LLM in Elder Law
About the LLM in Elder Law
Elder law is an emerging field of legal expertise that has coalesced as a cohesive specialty in the last few decades in response to America’s aging population. The demographic trends that have fueled these developments are only accelerating: one recent Census Bureau publication estimates that the number of elderly Americans will double between 2012 and 2050.
Launching in the fall semester of 2017, the LLM in Elder Law program will train attorneys to provide representation, advocacy, and leadership in the areas of law that impact elders and people with disabilities. The program will emphasize building skills and knowledge in the areas of access to health care coverage (Medicare, Medicaid, private insurance, Affordable Care Act coverage), income maintenance and retirement planning (Social Security, SSI, private pensions, retirement savings), financing the high cost of long term care (long term care insurance, Medicaid), wealth preservation, protection from abuse and neglect, consumer protection, guardianship, age/disability discrimination, housing, and estate and incapacity planning.
The LLM candidate must complete 24 credit hours, including four core courses, with the remaining courses chosen from a list of approved electives, which may include experiential learning courses (both clinical and externship) and an independent study. Students may pursue their course of study either full-time over a single year, or part-time over two years. Candidates work closely with the program director to design a program that fulfills not only the degree requirements, but also their professional goals.
Download the Elder Law Curriculum
- Understanding an Aging Population
- Representing an Aging Client
- Guardianship and Its Alternatives
- Public Benefits and the Elderly
- Elder Law
- Advanced Elder Law
- Trusts and Estates
- Trusts and Estates Drafting Lab
- Health Law and the Elderly
- Estate Planning
- Gift and Estate Tax
- Trusts and Estates Clinic
- Indian Trusts and Estates Clinic
- Community Property
To be eligible for admission to the LLM program, candidates must hold a JD degree or foreign equivalent.
Preferred application deadline: November 15 for Spring applicants and June 15 for Fall applicants.
Apply here using this form or apply on www.LSAC.org (coming soon). In addition to this application form, applicants must submit:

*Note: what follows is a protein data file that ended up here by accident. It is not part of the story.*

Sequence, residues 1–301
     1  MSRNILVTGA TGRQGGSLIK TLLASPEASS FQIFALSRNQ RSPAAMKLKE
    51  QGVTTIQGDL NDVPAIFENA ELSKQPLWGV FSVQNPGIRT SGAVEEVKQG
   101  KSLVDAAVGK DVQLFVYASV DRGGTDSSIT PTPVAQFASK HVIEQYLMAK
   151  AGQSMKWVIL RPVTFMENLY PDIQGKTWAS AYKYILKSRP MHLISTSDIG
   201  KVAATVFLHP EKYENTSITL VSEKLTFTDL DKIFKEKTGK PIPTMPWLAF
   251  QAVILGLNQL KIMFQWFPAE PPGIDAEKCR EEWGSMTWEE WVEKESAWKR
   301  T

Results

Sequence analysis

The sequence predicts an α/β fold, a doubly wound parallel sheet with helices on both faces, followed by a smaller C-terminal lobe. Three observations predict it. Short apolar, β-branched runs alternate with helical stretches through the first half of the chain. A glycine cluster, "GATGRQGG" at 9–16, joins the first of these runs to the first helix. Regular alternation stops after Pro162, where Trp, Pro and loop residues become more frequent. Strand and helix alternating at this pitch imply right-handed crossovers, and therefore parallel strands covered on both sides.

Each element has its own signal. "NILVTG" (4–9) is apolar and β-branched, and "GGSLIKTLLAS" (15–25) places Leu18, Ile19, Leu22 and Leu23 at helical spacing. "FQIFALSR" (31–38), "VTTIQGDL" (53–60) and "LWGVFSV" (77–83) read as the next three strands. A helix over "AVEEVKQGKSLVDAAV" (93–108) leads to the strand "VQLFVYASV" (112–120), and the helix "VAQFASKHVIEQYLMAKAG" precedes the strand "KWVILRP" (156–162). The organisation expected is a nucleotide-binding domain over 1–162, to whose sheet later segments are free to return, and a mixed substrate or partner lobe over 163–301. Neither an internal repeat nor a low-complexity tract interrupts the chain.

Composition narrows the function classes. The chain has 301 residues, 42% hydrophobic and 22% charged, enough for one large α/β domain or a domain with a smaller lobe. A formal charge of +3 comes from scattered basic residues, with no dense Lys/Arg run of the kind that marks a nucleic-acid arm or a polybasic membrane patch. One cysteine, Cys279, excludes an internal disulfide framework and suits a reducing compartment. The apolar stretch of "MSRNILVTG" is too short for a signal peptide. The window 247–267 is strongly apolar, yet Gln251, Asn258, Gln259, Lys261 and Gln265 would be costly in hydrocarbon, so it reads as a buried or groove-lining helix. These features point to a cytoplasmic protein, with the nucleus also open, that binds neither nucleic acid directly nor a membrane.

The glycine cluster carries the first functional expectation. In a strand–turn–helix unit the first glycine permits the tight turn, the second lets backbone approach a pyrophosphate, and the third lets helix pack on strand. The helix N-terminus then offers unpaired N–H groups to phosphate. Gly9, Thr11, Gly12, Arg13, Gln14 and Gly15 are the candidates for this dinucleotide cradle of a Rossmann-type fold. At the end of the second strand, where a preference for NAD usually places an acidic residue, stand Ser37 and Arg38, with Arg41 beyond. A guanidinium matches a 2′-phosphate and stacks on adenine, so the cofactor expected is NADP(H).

- Personal Statement (1-2 pages). Please discuss your background, goals, how you plan to use your LLM degree, and any additional information you would like us to know.
- Nonrefundable $60 (US) application fee (waived for current Seattle U Law students and alumni).
- A resume or C.V.
- A list of three references (academic or professional references preferred but not required).
- For attorneys admitted to practice in any jurisdiction, a Certificate of Good Standing from each such jurisdiction (need not be submitted with application – must be submitted at any time prior to the start of classes)
The following items must be sent to the law school directly from the appropriate institutions:
- Official transcripts from all academic institutions where you have studied law. American students do not need to send undergraduate transcripts. A certified translation must be attached if the transcript is not in English.
- If English is not your first language, official TOEFL score report must be sent directly from ETC. TOEFL is waived for students whose first language is English, who attended an educational institution in which English was the primary language of instruction, or who worked in an English-speaking environment for one year or more.
Tuition and Fees
Financial Aid Program
Preferred deadline for financial aid is November 15 for Spring applicants and June 15 for Fall applicants.
Tuition for the LLM is $1,450 per credit. Tuition Deposit: This $250 nonrefundable deposit is applied to your first semester's tuition and ensures you a place in the entering class. The deposit is due one month after the date of admission.
Tuition is paid per term, and determined by the number of credits you are taking. You may pay tuition charges with financial aid, personal resources, and/or employer benefits. If you choose not to use financial aid or have remaining charges after financial aid is applied to your account, you may arrange a payment plan directly with the law school business office, (206) 398-4050, or through TuitionPay, an organization that provides an interest-free monthly installment payment plan.